Whole leaf CO2-response curves for photosynthesis were used to calculate C4 photosynthetic parameters, according to the whole leaf C4 photosynthetic model of von Caemmerer and Furbank (1999) and as described in detail by von Caemmerer (2000). These models are based on the earlier models of Berry and Farquhar (1978) and Peisker (1979). This model allows the prediction of the maximal phosphoenolpyruvate carboxylase (PEPC) carboxylation rate (Vpmax) and maximal ribulose-1,5-bisphosphate carboxylase/oxygenase (Rubisco) carboxylation rate (Vcmax) using enzyme-limited photosynthesis equations and the maximal electron transport rate (Jmax) using light- and electron-transport-limited photosynthesis equations. The model requires that a saturating light intensity is used to perform the measurements. We thus had to achieve a compromise with regard to the light intensity in order to avoid photoinhibition in the light period following the treatments when the plants were dark-chilled. While the light intensity (900–1000 μmol m−2 s−1) used in the present experiments was not fully saturating for photosynthesis according to the data shown in Fig. 4, it is nearly saturating while low enough to prevent photoinhibition in plants that had experienced dark chilling. Nevertheless, it is important to note that while the values obtained through the application of the C4 photosynthetic model in this study cannot be considered to be the absolute maximal values, they can accurately be used to compare the effects of dark chilling and light orientation on the leaf.
In addition, the C4 photosynthetic model requires the use of some parameters measured at 25 °C (von Caemmerer, 2000). Some parameters are dependent on temperature and thus it was important to calculate the values appropriate to the temperatures at which the present curves were performed (20 °C). This is the case for the Michaelis–Menten constants of Rubisco for CO2 (Kc) and for O2 (Ko), and the Michaelis–Menten constant of PEPC for CO2 (Kp). An Arrhenius function was used to transform the Kc, Ko, and Kp values to 20 °C, (Badger and Collatz, 1977):
where Q10 is the temperature coefficient that represents the factor by which the rate of a reaction increases for every 10 °C rise in the temperature. The tabled values of Kc and Ko at 25 °C (650 μbar and 450 mbar, respectively) and the Q10 values for Kc and Ko (2.24 and 1.63, respectively) (von Caemmerer, 2000) were used to calculate the Kc and Ko at 20 °C. The Kp value tabled at 25 °C (80 μbar) (von Caemmerer, 2000) and the Q10 value for Kp of 1.603, calculated from the PEPC activation energy value (34.8 kJ mol−1) obtained for P. dilatatum plants at temperatures >20 °C (Cavaco, 2000), were used to calculate the Kp value at 20 °C. The parameters and the values used to apply the photosynthetic model are described in Table 1.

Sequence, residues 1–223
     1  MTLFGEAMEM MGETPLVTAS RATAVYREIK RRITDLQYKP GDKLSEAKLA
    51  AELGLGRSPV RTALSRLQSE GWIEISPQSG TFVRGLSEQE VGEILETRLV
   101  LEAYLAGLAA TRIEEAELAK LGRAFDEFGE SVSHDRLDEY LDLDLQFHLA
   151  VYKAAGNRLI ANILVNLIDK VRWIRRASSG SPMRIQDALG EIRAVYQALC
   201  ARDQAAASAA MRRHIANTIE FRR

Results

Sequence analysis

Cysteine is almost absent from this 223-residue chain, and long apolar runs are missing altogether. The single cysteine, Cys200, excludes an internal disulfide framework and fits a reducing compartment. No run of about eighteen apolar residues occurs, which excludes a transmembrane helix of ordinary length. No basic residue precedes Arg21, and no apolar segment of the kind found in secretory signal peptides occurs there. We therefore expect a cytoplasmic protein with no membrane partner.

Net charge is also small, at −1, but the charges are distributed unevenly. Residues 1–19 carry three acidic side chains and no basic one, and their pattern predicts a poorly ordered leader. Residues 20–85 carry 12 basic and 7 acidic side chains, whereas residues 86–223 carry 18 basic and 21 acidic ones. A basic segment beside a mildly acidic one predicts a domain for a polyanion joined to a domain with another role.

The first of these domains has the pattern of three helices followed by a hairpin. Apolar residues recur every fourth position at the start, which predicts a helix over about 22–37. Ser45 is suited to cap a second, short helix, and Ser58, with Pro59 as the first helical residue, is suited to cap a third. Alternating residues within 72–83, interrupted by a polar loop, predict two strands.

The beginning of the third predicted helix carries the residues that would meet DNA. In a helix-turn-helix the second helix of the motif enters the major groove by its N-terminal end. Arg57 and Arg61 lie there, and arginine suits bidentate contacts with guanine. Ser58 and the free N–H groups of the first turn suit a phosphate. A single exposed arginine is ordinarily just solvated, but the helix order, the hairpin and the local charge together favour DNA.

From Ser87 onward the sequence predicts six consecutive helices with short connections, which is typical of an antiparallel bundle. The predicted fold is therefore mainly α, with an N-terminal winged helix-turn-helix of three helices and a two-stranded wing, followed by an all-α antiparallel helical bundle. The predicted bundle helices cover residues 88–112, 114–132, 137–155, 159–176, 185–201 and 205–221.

A similar approach to that described by Massad et al. (2007) was used to estimate Vpmax, Vcmax, and Jmax. First, an asymptotic exponential model was selected as it provides the best description of the variation in CO2 assimilation rates with intercellular CO2 concentration (Ci) for each individual plant according to the least squares method using the program Statistical Package for Social Sciences (SPSS) (version 15.0, 2006; SPSS Inc., Chicago, IL, USA).
The equations that were used to determine enzyme-limited photosynthesis and light- and electron-transport-limited photosynthesis (as shown in Table 2) were applied using the Mathematica version 6.0 (2007) software (Wolfram Research Inc., Champaign, IL, USA). Data obtained from each individual plant were analysed in the range 0–500 μl l−1, in a stepwise manner (i.e. per 5 μl l−1 Ci increase) in order to determine Vpmax, Vcmax, and Jmax values at each Ci. The estimated values of Vpmax, Vcmax, and Jmax were then plotted against Ci. The mean values were then determined for each individual plant in the ranges 50–80 μl l−1 Ci for Vpmax and 300–500 μl l−1 Ci for Vcmax and Jmax. The values obtained for each plant were then used to determine the mean values for Vpmax, Vcmax, and Jmax for each treatment. Values for mitochondrial respiration and mesophyll mitochondrial respiration were then calculated from the Vpmax and Vcmax data according to von Caemmerer (2000).